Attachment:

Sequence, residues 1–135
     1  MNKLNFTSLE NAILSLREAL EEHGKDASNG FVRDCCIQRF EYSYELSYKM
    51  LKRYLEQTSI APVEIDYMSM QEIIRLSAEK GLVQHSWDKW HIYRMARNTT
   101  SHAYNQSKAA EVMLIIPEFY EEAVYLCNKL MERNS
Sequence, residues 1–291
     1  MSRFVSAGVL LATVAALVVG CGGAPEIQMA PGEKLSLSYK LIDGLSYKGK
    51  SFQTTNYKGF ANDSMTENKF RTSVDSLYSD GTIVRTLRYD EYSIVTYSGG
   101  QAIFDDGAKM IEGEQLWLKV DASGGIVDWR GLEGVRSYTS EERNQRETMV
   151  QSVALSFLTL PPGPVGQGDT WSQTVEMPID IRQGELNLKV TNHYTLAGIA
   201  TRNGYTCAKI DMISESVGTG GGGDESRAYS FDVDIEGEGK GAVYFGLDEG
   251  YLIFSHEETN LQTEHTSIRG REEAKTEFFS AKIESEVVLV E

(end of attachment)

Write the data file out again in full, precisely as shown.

Sequence, residues 1–135
     1  MNKLNFTSLE NAILSLREAL EEHGKDASNG FVRDCCIQRF EYSYELSYKM
    51  LKRYLEQTSI APVEIDYMSM QEIIRLSAEK GLVQHSWDKW HIYRMARNTT
   101  SHAYNQSKAA EVMLIIPEFY EEAVYLCNKL MERNS
Sequence, residues 1–291
     1  MSRFVSAGVL LATVAALVVG CGGAPEIQMA PGEKLSLSYK LIDGLSYKGK
    51  SFQTTNYKGF ANDSMTENKF RTSVDSLYSD GTIVRTLRYD EYSIVTYSGG
   101  QAIFDDGAKM IEGEQLWLKV DASGGIVDWR GLEGVRSYTS EERNQRETMV
   151  QSVALSFLTL PPGPVGQGDT WSQTVEMPID IRQGELNLKV TNHYTLAGIA
   201  TRNGYTCAKI DMISESVGTG GGGDESRAYS FDVDIEGEGK GAVYFGLDEG
   251  YLIFSHEETN LQTEHTSIRG REEAKTEFFS AKIESEVVLV E